With my dd, I got to see the difference -- the lying on the ground screaming, but watching me for my reaction, and modulating her response based on where I was physically in relation to her and whether I was responding or not.   With her, I could say "I'm sorry you're disappointed, but X can't happen right now.  Would you like to do Y or Z instead, and maybe later we can do X?"  And she'd pause and think and (usually) say "Oh, okay!"  

 

With DD, I understood all the people on the GD forum who tell parents of melter-downers "Oh, just explain it all to them and they'll get it."     And I also understood the total difference between what DD was doing -- which could be reasoned with -- and what DS was doing -- which was out of his control or reasoning.
 

post #130 of 146

The child does not want to be there and the parent does. It is not consenual living when the only person making the decisions is the 2 yr old. I still stand by my belief that at 2 yrs old, the child should be allowed to stay in a nursery if need be. As far as simply leaving but never speaking to the child about it, the child will never learn. How is he to even know why you are leaving? And what are you going to do when the child is 15 and does not want to go to school? What if he is 3 and wants to run in the street? What if he is caught shoplifting at 12 yrs old?  I still stand by my opinion that a child needs a parent. Children should not be left to raise themselves. If you do not correct your child now, society will eventually. Eventually, someone will tell him no, he will have to follow rules and laws and if he won't, there wil be consequences, everything from no friends to prison time.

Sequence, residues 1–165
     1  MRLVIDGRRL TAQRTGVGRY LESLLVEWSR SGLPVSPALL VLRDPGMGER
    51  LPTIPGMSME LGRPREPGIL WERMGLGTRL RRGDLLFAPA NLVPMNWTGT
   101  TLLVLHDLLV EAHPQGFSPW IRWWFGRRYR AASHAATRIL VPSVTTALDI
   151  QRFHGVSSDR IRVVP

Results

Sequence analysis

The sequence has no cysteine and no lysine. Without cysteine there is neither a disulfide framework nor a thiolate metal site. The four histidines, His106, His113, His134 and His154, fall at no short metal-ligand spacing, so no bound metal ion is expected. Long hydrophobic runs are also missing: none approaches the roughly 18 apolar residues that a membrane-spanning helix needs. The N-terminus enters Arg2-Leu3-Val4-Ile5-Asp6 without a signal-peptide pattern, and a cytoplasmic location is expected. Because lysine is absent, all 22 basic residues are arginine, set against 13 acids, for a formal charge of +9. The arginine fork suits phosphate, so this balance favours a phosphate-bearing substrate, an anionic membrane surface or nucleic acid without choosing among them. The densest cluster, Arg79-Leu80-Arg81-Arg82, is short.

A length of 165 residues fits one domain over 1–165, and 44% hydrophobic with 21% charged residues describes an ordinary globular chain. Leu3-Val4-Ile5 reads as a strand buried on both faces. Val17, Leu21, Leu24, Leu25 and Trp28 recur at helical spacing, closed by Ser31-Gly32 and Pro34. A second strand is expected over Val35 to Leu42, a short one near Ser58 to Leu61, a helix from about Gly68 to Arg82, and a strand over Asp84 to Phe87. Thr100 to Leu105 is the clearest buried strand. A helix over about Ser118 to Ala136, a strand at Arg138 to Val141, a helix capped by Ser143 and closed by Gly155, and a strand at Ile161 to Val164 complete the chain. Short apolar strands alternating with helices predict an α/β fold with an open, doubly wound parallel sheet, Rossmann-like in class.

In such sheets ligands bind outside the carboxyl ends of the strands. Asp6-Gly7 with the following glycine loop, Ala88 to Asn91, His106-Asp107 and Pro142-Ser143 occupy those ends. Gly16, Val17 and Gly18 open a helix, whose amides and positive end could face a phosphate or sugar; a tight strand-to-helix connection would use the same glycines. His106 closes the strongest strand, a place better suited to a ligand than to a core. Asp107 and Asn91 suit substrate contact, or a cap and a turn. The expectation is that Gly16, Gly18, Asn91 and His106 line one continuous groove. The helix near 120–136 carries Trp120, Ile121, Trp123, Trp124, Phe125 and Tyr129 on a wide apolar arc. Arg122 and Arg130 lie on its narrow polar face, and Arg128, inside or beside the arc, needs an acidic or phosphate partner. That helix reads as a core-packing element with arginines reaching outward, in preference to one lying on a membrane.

post #131 of 146

I find it funny that people are thinking a kid raised consensually won't know how to function in the real world and end up in jail. The OP is obviously a thoughtful, introspective mother who is not raising her kids "hands-off" or neglectfully. It takes a lot of work to parent this way, just like it takes a lot more work to discipline without spanking. 

post #132 of 146
Quote:
Originally Posted by Dandelionkid View Post